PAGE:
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  • Walter Roach, 19, his mother Pam, 47, and sister Kayla, 18, voted together in Milford along with their father, Walter Roach Sr. The family all said they voted for the same candidate.

    Photo by Hattie Bernstein
  • Mark Weithman was leaving the polls in Merrimack with his wife, Dorothy, and their 19-year-old daughter, Ariel, who had just voted for the first time. The family came out to support Obama.

    Hattie Bernstein photo
  • Staff photo by Don Himsel

    Voters head to cast their ballots at the Amherst Street School in Nashua Tuesday, January 10, 2012.
  • Staff photo by Bob Hammerstrom

    From left, Tom Zajac, his son, Jamie, Lissa Carmeiro, and Catalina Zajac look over a list of candidates inside the polls at St. John Neumann Church in Merrimack Tuesday, January 10, 2012, during the New Hampshire Primary Election.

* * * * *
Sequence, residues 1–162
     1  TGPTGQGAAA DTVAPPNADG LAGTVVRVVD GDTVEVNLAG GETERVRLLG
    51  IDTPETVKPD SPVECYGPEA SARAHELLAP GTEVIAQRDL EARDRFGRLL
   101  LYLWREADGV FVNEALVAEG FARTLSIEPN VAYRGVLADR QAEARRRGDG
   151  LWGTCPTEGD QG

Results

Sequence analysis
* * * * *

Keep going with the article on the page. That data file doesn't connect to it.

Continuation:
• Staff photo by Bob Hammerstrom

    Voters line up inside the polls at St. james Church Tuesday, January 10, 2012, in the New Hampshire Primary Election.

  • Staff photo by Bob Hammerstrom

    Voters enter the polls at St. John Neumann Church in Merrimack Tuesday, January 10, 2012, during the New Hampshire Primary Election.

  • Staff photo by GRANT MORRIS

    Jon Hamel slides his ballot delicately into the Democratic Primary voting machine, Tuesday afternoon at Milford Middle School.
  • Staff photo by GRANT MORRIS

    Theresa Larouche re-declares herself as an undeclared voter after voting in the Republican Primary, Tuesday afternoon, at Milford Middle School.
  • Staff photo by GRANT MORRIS

    Nancy Curley emerges from a voting booth at Hollis-Brookline High School, Tuesday afternoon, after voting in the Republican Primary.
  • Staff photo by GRANT MORRIS

    Kim Johnson exits from Hollis-Brookline High School gymnasium, Tuesday afternoon after casting her vote in the Republican Primary.
  • Staff photo by Don Himsel

    Maureen Lund hugs William Marshall at the Ward 3 polling place, Charlotte Avenue School, on Primary day, Tuesday, January 10, 2012.
  • Staff photo by Bob Hammerstrom